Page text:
He could raise particular Hell and he could be gentle and vulnerable. He never missed calling his grandparents to wish them a happy birthday, Easter, Mother's Day, Father's Day, Thanksgiving or Merry Christmas. When he married his beloved Shayna last July 4th, his grandfather's birthday, he called after the ceremony and said, "I did it, Nana," with that giggle and such joy in his voice that one could never imagine it could be stilled.
Tim was happy being married and a father to Riley. He looked forward to teaching the boy and all the other children he wanted to have all that he had learned, and guiding them to a good life. But for now he was committed to soldiering and "getting it done," all the while planning for their future.
He was so straight and proud when he marched to the stage at graduation at Ft. Leonard Wood in Missouri when he'd completed training. He brought happy tears to his family's eyes. He went to Afghanistan and was a good soldier. Last year, he tried to pretend it was "no big deal" when he was made Sergeant. But it was. And he knew it. He had come a long way. We were so proud when he was written up in an online newsletter, with pictures, talking about his humvee and comrades. Impatient at times with military ways, Tim nonetheless made a success of himself, his life and of the service to his country. Nothing came easy to him and he had to fight to get into the Army but he was determined and he fulfilled his lifetime dream. When he called to say he was doing it, never was it dreamt then it would cost him his life on a dusty road far away in Baghdad. We'll never know what his last thoughts were but his work was not done; he was taken too soon and his family is distraught.
He had plans and many more dreams and he loved his wife and baby and his family. They cannot help but feel this should not have happened and to grieve his loss, as they will forever, but which is almost unbearable right now. But Tim leaves us all with so many happy, dear, treasured memories of the skinny little kid with the devil in his eye that he was and the strong, fit, steady man he became. We will try to honor him in all that we do and how we live. When he called to say goodbye in November, he promised he would be careful, stay safe, and come back. When he emailed at Christmas he was more concerned about us than himself. When he was leaving in November, the day after he should have been discharged, he told his frightened father, "I have to go, Dad. If I don't, someone else who's been there a long time and probably missed some Christmases won't be able to come home for their kids." He told his wife, Shayna, "I have to go to Iraq so Riley won't have to." That was the man that Tim became.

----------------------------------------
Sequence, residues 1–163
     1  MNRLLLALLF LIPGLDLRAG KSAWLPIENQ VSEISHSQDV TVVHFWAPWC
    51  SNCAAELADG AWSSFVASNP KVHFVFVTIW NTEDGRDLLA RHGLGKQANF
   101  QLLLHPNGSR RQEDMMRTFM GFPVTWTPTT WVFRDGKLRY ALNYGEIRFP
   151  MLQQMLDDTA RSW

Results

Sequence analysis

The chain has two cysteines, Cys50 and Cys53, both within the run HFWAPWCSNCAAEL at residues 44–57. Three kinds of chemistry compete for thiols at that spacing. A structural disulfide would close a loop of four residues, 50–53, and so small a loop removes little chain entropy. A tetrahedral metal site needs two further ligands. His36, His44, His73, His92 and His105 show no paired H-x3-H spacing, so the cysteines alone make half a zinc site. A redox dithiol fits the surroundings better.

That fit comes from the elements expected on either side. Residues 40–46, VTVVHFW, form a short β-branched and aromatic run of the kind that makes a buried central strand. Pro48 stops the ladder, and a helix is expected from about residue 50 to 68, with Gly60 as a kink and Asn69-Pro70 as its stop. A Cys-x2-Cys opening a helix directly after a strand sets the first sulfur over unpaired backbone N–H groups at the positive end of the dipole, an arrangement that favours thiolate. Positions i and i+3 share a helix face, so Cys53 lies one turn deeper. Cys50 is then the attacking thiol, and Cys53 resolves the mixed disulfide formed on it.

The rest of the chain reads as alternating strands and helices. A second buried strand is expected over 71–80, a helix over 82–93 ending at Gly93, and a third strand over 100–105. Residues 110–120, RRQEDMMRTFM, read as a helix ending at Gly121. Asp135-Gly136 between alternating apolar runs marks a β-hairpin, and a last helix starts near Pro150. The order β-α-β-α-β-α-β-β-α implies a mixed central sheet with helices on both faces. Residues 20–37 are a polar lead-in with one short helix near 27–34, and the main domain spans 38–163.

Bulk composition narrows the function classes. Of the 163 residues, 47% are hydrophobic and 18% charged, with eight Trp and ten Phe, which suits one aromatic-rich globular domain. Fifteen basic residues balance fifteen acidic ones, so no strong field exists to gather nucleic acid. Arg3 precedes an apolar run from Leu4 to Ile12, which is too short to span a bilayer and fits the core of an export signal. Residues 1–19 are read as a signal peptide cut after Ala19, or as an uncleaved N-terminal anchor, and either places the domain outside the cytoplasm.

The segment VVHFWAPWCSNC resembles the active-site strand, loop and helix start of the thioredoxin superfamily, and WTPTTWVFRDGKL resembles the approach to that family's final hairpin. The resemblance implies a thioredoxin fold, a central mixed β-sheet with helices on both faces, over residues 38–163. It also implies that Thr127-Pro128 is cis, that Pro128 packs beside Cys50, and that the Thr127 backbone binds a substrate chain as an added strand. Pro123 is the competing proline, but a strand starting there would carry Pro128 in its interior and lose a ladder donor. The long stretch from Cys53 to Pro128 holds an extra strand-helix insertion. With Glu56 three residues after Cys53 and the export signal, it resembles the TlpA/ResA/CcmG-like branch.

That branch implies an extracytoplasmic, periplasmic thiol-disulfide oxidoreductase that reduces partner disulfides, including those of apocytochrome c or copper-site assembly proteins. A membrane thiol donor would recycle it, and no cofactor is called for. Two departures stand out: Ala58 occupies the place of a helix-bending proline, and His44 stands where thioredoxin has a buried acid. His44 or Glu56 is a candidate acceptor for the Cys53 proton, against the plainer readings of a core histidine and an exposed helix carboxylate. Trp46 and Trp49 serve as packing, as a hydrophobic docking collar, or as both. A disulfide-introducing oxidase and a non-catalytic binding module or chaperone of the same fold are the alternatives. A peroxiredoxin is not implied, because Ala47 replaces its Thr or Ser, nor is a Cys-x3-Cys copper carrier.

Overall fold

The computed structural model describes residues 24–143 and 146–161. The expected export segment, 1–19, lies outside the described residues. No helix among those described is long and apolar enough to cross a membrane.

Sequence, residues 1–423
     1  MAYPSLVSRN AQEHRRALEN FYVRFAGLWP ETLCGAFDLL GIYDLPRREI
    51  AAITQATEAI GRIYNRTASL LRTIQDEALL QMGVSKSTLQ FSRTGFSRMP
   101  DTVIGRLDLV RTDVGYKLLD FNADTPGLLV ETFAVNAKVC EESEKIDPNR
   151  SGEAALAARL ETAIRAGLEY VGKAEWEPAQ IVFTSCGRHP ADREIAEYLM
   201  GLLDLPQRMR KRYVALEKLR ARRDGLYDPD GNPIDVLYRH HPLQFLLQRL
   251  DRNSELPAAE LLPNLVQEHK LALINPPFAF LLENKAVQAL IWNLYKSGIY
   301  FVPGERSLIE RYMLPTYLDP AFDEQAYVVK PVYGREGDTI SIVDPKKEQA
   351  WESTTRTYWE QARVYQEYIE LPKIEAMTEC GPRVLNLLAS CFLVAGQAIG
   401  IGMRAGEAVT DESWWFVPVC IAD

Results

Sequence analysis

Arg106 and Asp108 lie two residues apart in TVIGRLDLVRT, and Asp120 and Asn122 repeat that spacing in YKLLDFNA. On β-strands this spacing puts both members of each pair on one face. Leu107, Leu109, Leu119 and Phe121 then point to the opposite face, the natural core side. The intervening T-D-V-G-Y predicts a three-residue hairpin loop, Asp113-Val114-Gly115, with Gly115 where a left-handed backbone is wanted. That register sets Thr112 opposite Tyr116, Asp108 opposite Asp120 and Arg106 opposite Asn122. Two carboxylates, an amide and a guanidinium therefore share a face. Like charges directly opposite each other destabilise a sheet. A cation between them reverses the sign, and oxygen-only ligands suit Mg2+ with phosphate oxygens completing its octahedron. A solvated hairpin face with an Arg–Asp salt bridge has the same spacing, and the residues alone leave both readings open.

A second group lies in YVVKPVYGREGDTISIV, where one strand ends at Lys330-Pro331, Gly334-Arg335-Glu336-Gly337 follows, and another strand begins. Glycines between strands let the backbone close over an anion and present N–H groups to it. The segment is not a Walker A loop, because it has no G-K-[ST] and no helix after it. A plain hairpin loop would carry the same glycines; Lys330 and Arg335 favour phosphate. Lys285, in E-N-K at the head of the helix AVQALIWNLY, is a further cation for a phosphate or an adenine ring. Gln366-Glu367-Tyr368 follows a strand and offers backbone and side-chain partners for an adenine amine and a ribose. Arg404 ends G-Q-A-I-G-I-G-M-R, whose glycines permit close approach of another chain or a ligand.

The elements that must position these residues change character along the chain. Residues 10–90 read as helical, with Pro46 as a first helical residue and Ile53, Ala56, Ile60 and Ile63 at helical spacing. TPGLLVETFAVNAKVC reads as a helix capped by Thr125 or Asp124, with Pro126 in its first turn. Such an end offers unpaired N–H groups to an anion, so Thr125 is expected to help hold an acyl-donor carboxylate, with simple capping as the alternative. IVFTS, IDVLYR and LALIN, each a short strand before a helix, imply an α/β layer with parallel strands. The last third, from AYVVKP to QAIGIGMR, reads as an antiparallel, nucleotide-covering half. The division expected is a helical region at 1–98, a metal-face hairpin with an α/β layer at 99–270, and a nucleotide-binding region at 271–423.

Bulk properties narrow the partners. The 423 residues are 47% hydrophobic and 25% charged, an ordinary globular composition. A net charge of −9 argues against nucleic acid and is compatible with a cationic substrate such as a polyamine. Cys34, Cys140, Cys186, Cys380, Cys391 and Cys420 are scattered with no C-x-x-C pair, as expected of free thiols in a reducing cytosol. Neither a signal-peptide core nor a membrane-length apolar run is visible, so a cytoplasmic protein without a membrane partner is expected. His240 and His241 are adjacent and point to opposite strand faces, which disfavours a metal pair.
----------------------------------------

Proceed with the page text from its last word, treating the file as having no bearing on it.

He'll be forever young in our minds and hearts and we'll never know now what greatness his stubbornness and smile might have helped him achieve. He was not an angel and as proud as he would be of the accolades coming his way, knowing his family would be comforted learning of the high esteem in which he was held, the things he did they never knew about, he would be embarrassed to be martyred in death. We will honor his memory and sacrifice and miss him forever. Wherever he is, he is telling us to get on with it and be happy for him. I can hear him saying, "Cry a little so I'll know you miss me - but not forever. That's a waste of time." And I can also hear him saying, "Love you too, Nana........."